Talking points on tenure
How many ineffective teachers are there?
- Governor Christie’s Department of Education will confirm that 40 percent of all new teachers do not gain tenure after three years.
- They leave for a number of reasons, but those who are deemed ineffective are weeded out before they get tenure.
- Let me ask you: What other profession – doctors, lawyers, accountants – weeds out 40 percent of its newly-minted practitioners in the first three years?
- So given that level of attrition before tenure kicks in, why would anyone assume that there are still a large number of incompetent teachers in new Jersey’s public schools?
- After all, New Jersey’s public schools are among the best in the nation, and we are number one in a number of key indicators. you can’t have those kinds of rankings without an enormous number of excellent teachers.
- But of course there are some who are struggling, and if they cannot improve, they should face the dismissal process.
- NJEA agrees with that, and so do our members – no one wants ineffective teachers in our classrooms.
How many teachers are dismissed in New Jersey?
- First of all, let’s be CLEAR on one point: NO ONE – not parents, not NJEA, and not other teachers – wants an ineffective teacher in our classrooms.
- But we need to agree on some definitions: Tenure is not “a job for life.” It is simply a process, laid out in law, which ensures teachers facing dismissal are treated fairly.
- The law specifically says teachers may be fired for a number of reasons, including “inefficiency” – the law’s version of “ineffectiveness” or “incompetence.”
- Every year, a significant number of teachers are dismissed. The vast majority of dismissal cases are settled quietly, out of the spotlight, as those teachers simply leave when presented with the district’s case against them. Only those who feel they have been treated unfairly or illegally appeal to the courts.
- Governor Christie misleads when he says only 17 tenured teachers were fired in the last 10 years or so. He is only referring to teachers who were fired under a particular part of the tenure law, and who appealed their dismissals to administrative law judges. There were dozens of teachers who appealed dismissals, yet were still dismissed in the past several years. The vast majority of appealed dismissals are UPHELD. Many others left without appealing the district’s tenure charges.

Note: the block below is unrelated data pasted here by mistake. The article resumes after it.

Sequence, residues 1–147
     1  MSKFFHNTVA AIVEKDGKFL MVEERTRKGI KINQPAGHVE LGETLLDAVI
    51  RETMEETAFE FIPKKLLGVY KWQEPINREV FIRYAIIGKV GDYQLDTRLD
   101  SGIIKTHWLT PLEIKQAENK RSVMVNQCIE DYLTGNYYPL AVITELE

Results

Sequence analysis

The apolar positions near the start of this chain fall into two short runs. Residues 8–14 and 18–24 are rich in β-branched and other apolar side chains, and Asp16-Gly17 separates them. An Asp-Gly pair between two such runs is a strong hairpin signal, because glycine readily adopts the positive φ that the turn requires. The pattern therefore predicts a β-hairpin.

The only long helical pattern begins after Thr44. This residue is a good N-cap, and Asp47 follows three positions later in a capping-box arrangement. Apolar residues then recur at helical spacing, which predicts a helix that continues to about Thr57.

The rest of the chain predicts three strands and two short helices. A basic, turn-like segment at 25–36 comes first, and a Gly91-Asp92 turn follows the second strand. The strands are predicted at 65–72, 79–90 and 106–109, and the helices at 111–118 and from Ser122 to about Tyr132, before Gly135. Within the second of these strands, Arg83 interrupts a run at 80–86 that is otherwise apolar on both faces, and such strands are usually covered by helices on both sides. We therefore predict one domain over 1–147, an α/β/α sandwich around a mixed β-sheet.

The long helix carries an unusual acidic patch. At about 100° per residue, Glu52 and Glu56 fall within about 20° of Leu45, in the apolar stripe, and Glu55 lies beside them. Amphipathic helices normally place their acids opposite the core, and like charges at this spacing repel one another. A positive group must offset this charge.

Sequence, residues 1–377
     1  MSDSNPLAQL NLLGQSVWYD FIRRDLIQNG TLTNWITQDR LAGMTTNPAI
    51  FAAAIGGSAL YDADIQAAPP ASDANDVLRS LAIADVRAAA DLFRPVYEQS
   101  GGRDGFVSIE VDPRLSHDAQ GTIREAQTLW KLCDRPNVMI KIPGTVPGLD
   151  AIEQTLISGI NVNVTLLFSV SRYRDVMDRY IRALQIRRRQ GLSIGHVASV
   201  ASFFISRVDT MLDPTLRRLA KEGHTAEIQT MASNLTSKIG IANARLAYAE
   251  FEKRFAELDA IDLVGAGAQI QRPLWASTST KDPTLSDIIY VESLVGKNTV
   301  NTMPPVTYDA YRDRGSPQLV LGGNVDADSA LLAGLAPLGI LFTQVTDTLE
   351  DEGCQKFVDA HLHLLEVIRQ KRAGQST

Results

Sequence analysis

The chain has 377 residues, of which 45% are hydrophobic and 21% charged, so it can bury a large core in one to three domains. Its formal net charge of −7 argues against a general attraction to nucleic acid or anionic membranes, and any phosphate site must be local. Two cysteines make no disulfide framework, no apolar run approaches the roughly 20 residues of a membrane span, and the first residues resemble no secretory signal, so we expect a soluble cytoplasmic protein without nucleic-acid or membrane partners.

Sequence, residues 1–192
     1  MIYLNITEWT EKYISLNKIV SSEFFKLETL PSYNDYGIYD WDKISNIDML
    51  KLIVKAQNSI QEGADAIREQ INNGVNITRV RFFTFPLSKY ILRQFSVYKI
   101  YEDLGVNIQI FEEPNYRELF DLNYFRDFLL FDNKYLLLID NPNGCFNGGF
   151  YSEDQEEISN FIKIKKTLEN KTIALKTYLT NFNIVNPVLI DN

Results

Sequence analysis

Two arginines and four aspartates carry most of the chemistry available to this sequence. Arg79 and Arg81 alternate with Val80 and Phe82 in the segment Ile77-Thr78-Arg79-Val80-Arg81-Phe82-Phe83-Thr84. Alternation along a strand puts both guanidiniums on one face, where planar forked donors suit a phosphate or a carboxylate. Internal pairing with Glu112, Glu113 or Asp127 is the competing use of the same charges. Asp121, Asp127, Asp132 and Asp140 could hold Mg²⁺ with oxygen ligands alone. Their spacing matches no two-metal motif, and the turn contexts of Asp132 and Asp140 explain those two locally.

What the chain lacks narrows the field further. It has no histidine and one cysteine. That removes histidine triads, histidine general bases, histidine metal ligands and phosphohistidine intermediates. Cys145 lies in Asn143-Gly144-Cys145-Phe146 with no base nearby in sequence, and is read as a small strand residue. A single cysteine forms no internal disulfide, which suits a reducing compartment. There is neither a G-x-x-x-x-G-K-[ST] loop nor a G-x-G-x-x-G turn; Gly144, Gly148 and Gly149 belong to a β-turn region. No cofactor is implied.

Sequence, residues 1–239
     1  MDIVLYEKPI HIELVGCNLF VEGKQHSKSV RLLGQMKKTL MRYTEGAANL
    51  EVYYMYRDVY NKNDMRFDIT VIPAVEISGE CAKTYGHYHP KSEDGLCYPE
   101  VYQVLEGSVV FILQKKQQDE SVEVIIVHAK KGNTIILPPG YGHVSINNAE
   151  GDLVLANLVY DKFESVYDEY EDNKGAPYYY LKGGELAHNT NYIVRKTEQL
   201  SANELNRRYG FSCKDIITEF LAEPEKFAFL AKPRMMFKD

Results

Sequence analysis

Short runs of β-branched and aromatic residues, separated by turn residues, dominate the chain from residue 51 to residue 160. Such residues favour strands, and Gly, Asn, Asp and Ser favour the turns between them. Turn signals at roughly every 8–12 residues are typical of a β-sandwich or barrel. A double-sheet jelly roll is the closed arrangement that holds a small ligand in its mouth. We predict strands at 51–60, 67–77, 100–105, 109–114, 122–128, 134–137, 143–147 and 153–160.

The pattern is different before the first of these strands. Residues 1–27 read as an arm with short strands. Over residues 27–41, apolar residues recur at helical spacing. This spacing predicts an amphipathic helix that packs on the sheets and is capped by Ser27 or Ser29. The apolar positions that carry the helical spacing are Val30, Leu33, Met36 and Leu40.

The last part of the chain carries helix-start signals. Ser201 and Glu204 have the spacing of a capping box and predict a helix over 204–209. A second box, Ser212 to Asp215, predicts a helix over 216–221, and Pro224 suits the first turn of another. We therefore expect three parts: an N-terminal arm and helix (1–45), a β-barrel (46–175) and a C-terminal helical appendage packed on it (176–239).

Problems with the TEACHNJ Act (S-1455)
- It takes away due process, since teachers can lose tenure after two “ineffective” or “partially effective” evaluations, with no opportunity to challenge the decision.
- Districts could keep staff in a permanent non-tenured status simply by giving at least one “ineffective” or “partially effective” rating every three years. That rating would not be subject to challenge.
- It creates a two-tiered tenure system, since it covers teachers and principals, while leaving other certificated staff (e.g. nurses, counselors, supervisors) under the old system.
- Opens the door to political interference since any teacher losing tenure would lose the right to appeal an unfair dismissal to an outside party.
Facts about NJEA’s tenure proposal:
- The main complaint about the current tenure law – and there is widespread agreement on this – is that it takes too long and costs too much to dismiss an ineffective teacher.
- NJEA agrees. That’s why our tenure proposal would follow the lead of Massachusetts -- whose students lead the nation in achievement – in taking the courts out of the process and sending all dismissal cases before certified employment arbitrators.
- We could cut the time down to just a few months. We would also save enormous legal costs, since an arbitration hearing does not allow for the time-consuming and costly delays that are common under the current law.
- But poll after poll also shows that people want teachers to have due process when facing dismissal, because fairness is mandatory in these cases.
- NJEA’s tenure proposal would make the process faster, less costly, but ensure that it would be fair.
- NJEA’s proposal also adds a fourth year to the tenure process (it currently takes three years for a teacher to gain tenure). We’re calling this a “residency” year. Just as novice doctors work under the guidance of an experienced physician, a new teacher would get a full year of support from a qualified senior teacher who would provide guidance, savvy, and support.
- Then, following the residency year, teachers would be assigned a mentor to continue their development into skilled practitioners.
- With 40 percent of new teachers never getting tenured, we want to be sure we don’t lose good teachers who feel unsupported and tossed into the sea without a life preserver.